In response to my comments about the forthcoming Catholic Prayer Bible: Lectio Divina Edition, where I complained because the ad for this Bible suggested that lectio divina culminates in “action” rather then “contemplation” (see Lectio Divina as a Tool for… Creating an Action Plan?!?), a Facebook friend of mine who is a Catholic author says the following:
I read your blog comments on the Paulist Press Lectio Divina Bible. I agree absolutely with you that contemplatio does not equal action, and that contemplation is an important element in lectio divina. However, I would not agree that lectio divina necessarily has four steps as described by Guigo II in the medieval work, The Monk’s Ladder. My writing advocates a broader and more ancient understanding of lectio divina that predates the four steps of Guigo II and offers a critique of Guigo II.
He’s going to send me a copy of his book (published by a reputable Catholic press), and after I take a look at it I’ll blog about it here. In the meantime, I thought it was worth commenting on the fact that all of our spiritual practices — not just lectio, not just meditation, not just contemplation — can take a variety of forms. The key work in my friend’s comments is “necessarily.” I agree with him: lectio does not “necessarily” require the four steps that Guigo set forth in the twelfth century. There is nothing dogmatic or magical about the cycle of lectio -> meditatio -> oratio -> contemplatio. But there’s nothing wrong with that cycle, either (although it will be interesting to read a critique of it).
I’m reminded of the centering prayer wars that rage on within the Catholic Church. For those of you who may not be dialed in to this, there are a number of critics of centering prayer who insist that it is dangerous because of its origin as a Christianized form of transcendental meditation (which isn’t entirely true; centering prayer was developed as a Christian alternative to TM, drawing its inspiration from ancient Christian sources such as the writings of John Cassian and The Cloud of Unknowing). At root here is the question of whether God can bless and use something that isn’t “purely” Christian. Many of centering prayer’s advocates would say yes, while its detractors say no. Of course, now that TM isn’t nearly as faddish as it was in the 1970s, the centering prayer movement has distanced itself from the language of meditation associated with TM; for example, the repetitive use of a single word to quiet the mind is no longer called a “mantra,” but a “prayer word.” Centering prayer’s critics accuse the movement of bad faith here, but I think that accusation itself reflects bad faith: the detractors are not willing to acknowledge that centering prayer originally appealed to Christians who were interested in eastern spirituality, and found in centering prayer a good reason to remain within the Christian faith. To the nay-sayers, only the purest forms of Christian practice (usually meaning “the way my grandparents did it”) are good enough; everything else smacks of heresy. Alas, even the Vatican has weighed in here, issuing a pastoral letter in 1989 that warns against forms of meditation that draw on non-Christian practices — which, of course, has only emboldened those who attack centering prayer.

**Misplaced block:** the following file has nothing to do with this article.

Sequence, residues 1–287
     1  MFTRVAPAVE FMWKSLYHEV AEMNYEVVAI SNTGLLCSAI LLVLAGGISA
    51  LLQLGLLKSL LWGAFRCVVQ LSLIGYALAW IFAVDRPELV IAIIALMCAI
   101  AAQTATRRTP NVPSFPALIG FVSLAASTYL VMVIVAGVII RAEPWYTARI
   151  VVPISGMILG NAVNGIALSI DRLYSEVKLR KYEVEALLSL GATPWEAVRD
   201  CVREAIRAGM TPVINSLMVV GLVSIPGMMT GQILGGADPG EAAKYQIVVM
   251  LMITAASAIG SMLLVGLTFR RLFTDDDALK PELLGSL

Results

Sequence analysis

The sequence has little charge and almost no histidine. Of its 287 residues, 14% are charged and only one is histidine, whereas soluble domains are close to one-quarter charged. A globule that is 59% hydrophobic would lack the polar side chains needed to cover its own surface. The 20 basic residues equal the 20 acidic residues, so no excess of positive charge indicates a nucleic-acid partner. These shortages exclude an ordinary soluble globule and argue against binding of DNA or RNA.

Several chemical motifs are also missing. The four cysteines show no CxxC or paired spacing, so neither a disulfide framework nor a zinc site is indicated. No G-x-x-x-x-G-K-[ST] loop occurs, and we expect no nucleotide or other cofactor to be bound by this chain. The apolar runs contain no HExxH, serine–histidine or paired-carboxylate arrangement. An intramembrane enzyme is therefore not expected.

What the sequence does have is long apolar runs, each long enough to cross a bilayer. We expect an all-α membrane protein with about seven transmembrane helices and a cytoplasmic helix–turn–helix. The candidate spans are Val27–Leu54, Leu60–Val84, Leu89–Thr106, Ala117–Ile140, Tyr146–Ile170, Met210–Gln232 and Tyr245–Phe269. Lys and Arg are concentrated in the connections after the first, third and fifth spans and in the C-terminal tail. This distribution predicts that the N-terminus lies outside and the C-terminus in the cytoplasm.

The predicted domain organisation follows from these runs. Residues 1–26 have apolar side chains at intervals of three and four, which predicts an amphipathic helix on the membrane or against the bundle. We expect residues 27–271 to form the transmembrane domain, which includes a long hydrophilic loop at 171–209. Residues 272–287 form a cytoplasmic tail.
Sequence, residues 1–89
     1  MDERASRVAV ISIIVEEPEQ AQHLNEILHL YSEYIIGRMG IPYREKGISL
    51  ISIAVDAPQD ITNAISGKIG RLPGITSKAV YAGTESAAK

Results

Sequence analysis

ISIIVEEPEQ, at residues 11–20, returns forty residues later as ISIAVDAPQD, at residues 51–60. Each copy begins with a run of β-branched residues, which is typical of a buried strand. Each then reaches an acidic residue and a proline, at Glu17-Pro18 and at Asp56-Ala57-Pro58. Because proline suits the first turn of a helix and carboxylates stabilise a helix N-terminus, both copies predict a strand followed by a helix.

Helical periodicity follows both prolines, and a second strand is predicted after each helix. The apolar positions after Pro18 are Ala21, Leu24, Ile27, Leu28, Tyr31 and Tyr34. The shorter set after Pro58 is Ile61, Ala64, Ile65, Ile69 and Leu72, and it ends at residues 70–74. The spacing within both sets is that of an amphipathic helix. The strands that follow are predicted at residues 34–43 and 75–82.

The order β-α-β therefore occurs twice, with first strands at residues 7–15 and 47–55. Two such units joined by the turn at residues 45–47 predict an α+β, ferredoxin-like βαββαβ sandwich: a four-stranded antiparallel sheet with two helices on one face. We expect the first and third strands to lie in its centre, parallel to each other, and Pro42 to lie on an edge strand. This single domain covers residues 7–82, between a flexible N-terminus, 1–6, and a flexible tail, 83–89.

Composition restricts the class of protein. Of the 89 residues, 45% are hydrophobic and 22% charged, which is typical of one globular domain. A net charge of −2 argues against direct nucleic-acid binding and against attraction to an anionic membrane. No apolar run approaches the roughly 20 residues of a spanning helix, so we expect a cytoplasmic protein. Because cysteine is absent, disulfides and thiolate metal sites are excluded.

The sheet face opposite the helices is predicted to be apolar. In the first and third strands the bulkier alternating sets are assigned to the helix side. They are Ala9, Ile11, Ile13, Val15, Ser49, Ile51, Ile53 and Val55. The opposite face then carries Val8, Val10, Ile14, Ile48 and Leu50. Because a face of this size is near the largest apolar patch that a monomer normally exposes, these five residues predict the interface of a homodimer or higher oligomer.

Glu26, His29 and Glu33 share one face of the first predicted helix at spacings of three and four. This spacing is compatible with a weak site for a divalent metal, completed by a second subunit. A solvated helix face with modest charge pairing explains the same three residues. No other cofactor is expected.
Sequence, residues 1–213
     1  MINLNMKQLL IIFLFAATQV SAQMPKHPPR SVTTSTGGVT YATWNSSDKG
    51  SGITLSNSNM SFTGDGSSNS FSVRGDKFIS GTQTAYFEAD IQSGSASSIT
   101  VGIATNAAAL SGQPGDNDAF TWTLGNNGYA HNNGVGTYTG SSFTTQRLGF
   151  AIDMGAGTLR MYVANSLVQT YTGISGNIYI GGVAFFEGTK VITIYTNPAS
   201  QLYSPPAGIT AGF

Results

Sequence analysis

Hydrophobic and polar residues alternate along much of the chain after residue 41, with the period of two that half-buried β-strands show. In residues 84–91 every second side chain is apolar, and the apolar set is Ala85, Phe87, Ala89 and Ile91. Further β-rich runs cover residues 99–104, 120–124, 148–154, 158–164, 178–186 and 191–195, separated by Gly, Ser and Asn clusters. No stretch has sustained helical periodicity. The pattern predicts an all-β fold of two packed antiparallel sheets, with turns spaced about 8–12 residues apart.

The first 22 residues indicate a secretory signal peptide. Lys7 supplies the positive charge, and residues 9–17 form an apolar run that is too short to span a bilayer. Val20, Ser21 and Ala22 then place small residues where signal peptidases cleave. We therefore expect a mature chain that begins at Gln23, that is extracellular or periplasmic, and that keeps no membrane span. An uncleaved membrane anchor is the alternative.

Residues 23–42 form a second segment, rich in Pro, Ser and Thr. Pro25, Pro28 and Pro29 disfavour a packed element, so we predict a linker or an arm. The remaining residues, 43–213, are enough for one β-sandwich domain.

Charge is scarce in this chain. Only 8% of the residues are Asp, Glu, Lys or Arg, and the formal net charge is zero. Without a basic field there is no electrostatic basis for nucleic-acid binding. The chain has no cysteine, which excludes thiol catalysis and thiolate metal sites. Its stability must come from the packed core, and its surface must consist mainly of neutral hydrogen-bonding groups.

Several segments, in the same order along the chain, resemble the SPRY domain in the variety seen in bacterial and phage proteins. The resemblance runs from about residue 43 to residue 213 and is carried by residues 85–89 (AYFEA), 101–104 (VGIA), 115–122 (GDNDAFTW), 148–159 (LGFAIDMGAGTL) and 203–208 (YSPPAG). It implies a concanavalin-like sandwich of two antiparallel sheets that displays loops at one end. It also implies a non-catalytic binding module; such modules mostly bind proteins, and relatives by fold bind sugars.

Now, if a person is not drawn to centering prayer, he or she shouldn’t do it. If others are drawn to centering prayer, and they remain part of the Christian tradition, then for them centering prayer is a bona fide Christian practice. If they leave the church, my hunch is that they would have done so with or without centering prayer. I suspect that more Christians leave the church who have never practiced centering prayer than those who do. Perhaps we should attack the critics of centering prayer, since they are preventing some Christians from discovering a practice that might enable them to remain in the church!
Yes, I’m being satirical, but there might be a grain of truth in my silly logic. When Christians attack spiritual practices that we do not like, instead of attacking poverty and racism and sexism and violence, are we really furthering the reign of God? It’s easy to say that Satan is behind a spiritual exercise that we see as “foreign,” but then we ignore how demonic forces have insinuated themselves into the way we spend our money, or the way we treat those we consider our inferiors, or the way we over-consume. Just something to think about.
So back to lectio. I’m interested in seeing how my friend critiques it. But I don’t think I’ll be swayed that only one way of doing lectio is the “right” way. Now, I remain convinced that it’s a mistake to substitute action for contemplation in a lectio practice, but that’s not to say that “action” has no place in the spiritual life. On the contrary, action is an essential part of every Christian’s life. My criticism has more to do with language. Calling a spiritual practice geared toward action “lectio divina” makes about as much sense as calling the recitation of the rosary “centering prayer.” Being tolerant of a variety of spiritual practices is not the same thing as being sloppy with our language.
Well, I’ve rambled on long enough. To me, a good rule of thumb is this: better to light a candle than to curse the darkness. In other words, respect those whose spiritual practices differ from our own. Try to be as faithful as possible with our own practice. Spend less time judging others and telling them how wrong they are, and more time loving them — and begging God for growth in our own holiness. It seems to me that if we all did this, we’d create the space for God to do some pretty amazing things.